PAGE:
Summary

Esophagitis and esophageal strictures continue to complicate the course of many individuals with reflux symptoms. Much headway has been made, however, with the use of PPIs or antireflux surgery in the acute and maintenance treatment of these conditions. Barrett's esophagus remains a perplexing problem for many clinicians. What is the exact risk of malignant transformation? What interval is appropriate for surveillance of patients with this premalignant stage, and how and when do we treat? A better identification of specific clinical and genetic risk factors for malignant transformation is essential for making surveillance a cost-effective and appropriate way of following these patients. The emergence of more advanced endoscopic therapies may eventually modify the treatment algorithm for individuals with localized intraepithelial neoplasia. Cyclooxygenase-2 inhibition also seems to offer hope for agents that may reduce the risk of progression in individuals with Barrett's esophagus but randomized controlled trials are lacking.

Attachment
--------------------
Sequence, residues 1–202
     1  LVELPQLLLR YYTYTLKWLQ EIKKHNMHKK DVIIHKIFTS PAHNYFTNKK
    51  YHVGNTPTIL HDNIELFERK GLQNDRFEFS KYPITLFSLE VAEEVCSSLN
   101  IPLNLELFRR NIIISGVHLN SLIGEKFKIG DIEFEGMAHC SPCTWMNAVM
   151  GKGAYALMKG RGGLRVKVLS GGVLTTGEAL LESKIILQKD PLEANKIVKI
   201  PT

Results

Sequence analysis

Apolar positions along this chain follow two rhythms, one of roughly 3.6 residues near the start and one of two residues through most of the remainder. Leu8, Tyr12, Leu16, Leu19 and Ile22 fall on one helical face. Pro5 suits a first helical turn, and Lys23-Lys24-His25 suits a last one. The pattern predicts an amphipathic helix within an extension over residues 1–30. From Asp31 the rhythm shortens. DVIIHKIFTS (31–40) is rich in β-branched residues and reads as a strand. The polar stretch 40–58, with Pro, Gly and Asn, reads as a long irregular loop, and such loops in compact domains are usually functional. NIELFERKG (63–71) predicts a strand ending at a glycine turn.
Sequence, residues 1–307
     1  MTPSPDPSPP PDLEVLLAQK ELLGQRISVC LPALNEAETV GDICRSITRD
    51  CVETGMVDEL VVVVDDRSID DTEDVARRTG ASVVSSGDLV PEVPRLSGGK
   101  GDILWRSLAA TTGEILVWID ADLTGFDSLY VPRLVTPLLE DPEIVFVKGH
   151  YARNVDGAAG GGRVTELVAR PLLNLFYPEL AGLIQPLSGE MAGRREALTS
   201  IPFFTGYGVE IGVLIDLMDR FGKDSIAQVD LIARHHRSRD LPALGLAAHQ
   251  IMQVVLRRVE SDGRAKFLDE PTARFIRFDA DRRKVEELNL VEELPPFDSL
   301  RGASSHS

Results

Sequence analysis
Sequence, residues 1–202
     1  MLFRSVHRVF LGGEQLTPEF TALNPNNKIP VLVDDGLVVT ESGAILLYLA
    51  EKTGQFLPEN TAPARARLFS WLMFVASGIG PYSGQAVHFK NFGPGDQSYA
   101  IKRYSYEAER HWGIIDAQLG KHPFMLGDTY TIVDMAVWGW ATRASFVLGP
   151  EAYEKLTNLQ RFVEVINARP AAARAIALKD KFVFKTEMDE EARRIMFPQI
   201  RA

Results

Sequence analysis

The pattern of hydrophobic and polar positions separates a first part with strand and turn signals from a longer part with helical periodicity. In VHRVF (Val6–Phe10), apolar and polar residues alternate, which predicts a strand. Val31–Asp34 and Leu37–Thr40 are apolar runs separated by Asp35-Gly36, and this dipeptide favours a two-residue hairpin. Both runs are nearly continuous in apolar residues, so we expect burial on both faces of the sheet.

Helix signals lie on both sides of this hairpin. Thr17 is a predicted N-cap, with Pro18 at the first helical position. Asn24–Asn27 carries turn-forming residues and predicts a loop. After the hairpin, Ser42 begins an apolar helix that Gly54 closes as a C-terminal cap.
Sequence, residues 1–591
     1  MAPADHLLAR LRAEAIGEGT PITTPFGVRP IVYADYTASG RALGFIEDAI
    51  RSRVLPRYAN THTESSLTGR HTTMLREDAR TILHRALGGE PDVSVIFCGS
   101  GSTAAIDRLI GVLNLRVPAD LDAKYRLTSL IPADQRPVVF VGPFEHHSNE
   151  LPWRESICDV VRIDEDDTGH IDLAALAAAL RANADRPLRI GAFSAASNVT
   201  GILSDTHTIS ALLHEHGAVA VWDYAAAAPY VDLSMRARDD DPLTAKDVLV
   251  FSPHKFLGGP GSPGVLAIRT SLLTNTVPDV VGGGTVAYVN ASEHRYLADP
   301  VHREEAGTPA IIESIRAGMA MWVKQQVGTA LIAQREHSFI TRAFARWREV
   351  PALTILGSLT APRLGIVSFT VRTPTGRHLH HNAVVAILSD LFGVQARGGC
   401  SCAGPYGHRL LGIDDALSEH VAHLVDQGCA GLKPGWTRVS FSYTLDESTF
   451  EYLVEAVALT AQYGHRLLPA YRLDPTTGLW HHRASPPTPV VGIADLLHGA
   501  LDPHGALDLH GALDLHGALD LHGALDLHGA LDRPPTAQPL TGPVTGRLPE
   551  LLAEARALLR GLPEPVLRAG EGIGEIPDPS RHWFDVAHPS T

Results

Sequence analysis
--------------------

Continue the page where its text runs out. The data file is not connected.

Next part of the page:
The high prevalence of GERD, yet surprisingly low incidence of Barrett's esophagus and esophageal adenocarcinoma, would suggest that many factors contribute to the progression of reflux to Barrett's to malignancy. Only after a better identification of these factors will more effective treatments aimed at reducing disease progression be realized.

MANAGING FAILED ANTI-REFLUX THERAPY

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